US$5.2M joint grant will enable world’s largest study of Alzheimer’s blood tests

Associate Professor Joanne RyanDementia epidemiologist A/Prof Joanne Ryan from the Monash School of Public Health and Preventive Medicine is one of three leaders on a US $5.2 million multiple principal investigator grant from the US National Institutes of Health, that will enable the world’s largest cohort study of blood biomarker candidates for Alzheimer’s Disease and Related Dementias (ADRD). Around 400,000 Australians live with dementia,1 and it’s hoped that one day, one or more biomarker candidates could allow targeted ADRD prevention, screening, diagnosis and disease progression tracking through simple blood tests.

"Its such an exciting time in ADRD research," says A/Prof Ryan. "Recent advances have allowed us to detect a number of relevant blood biomarkers, but what’s been missing is the research to understand how to incorporate these into practice at a population level.

"This will be a comprehensive study in community-dwelling, older individuals initially without major cognitive impairment, to determine the extent that these biomarkers are associated with cognitive change, and the transition from cognitive decline to dementia. We’ll also look for sex-specific differences that might be important, as there are lots of well-documented differences between men and women in terms of ADRD risk factors, symptoms and pathology, and importantly, whether other medical conditions influence the levels of these biomarkers. This knowledge is critical to enable appropriate clinical interpretation of these biomarkers".

The findings will inform the development of a powerful new sex-specific risk score for practitioners to predict risk of cognitive decline and ADRD that considers common comorbidities, social, lifestyle, and genomic risk factors, together with the unique predictive strength of the biomarkers.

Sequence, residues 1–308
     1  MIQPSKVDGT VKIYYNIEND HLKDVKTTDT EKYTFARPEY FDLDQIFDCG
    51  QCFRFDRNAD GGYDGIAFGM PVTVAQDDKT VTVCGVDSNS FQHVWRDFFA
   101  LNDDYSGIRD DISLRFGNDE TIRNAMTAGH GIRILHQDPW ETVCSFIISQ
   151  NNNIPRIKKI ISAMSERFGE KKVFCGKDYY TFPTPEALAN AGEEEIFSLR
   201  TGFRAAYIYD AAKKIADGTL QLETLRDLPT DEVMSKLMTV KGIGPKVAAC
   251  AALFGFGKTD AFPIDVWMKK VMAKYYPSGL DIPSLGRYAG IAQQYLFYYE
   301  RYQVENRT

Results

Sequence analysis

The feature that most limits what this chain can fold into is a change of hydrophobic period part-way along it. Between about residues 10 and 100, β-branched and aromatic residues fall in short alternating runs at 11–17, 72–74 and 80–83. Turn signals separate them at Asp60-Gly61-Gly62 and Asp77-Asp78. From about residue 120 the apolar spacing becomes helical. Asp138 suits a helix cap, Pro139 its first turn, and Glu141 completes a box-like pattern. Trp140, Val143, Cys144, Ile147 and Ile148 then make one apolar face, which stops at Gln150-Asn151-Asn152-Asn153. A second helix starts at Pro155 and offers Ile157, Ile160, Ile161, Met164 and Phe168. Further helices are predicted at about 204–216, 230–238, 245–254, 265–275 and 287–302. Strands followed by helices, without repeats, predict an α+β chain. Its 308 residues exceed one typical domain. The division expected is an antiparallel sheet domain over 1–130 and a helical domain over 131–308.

A/Prof Ryan serves as Principal Investigator along with Prof Anne Murray from Hennepin Healthcare Research institute in Minneapolis, and Prof Michelle Mielke from Wake Forest University in North Carolina.

The researchers are investigating four promising blood biomarker candidates which are well-characterized hallmark features found in the brains of individuals with ADRD:

  • p-tau, related to brain tangles of abnormal phosphorylated tau protein
  • Aβ, related to amyloid-beta plaques
  • NfL, related to axonal degeneration that leads to breakdown of neuronal communication, as well as
  • GFAP, found in glial cells in the brain, and secreted into the blood following cellular death or injury

The ability to measure such compounds in blood, and meaningfully interpret the results, is a holy grail in ADRD research, by avoiding the need for brain tissue for diagnosis and disease tracking. Brain imaging has been a stalwart of ADRD diagnosis and management for many years, but is expensive and only readily accessible in wealthier nations. Testing of cerebrospinal fluid for disease markers has also been utilised, but requires an invasive procedure that carries a risk of serious complications.

The study will leverage the ASPREE-XT database. The ASPREE-XT study is a continuation of the landmark ASPREE study, a binational study of 19,114 community-dwelling, healthy people aged 70 years or older living in the USA and Australia. Importantly, unlike many prior studies, 45 per cent of participants had less than a high school education, enabling a unique opportunity to also examine education as gender-specific risk factor for ADRD.

More than 14,000 participants from the original ASPREE study continue to be followed for the ASPREE-XT study. These people have all received annual in-person physical health checks, and assessments of numerous cognitive functions, with the average participant having contributed for nine consecutive years. The researchers will access ASPREE’s biorepository, running the biomarker tests on blood samples taken from more than 13,000 participants at study entry, and from several thousand who are currently providing additional blood samples (approximately 7-10 years later).

Work on the project will commence in late 2022.


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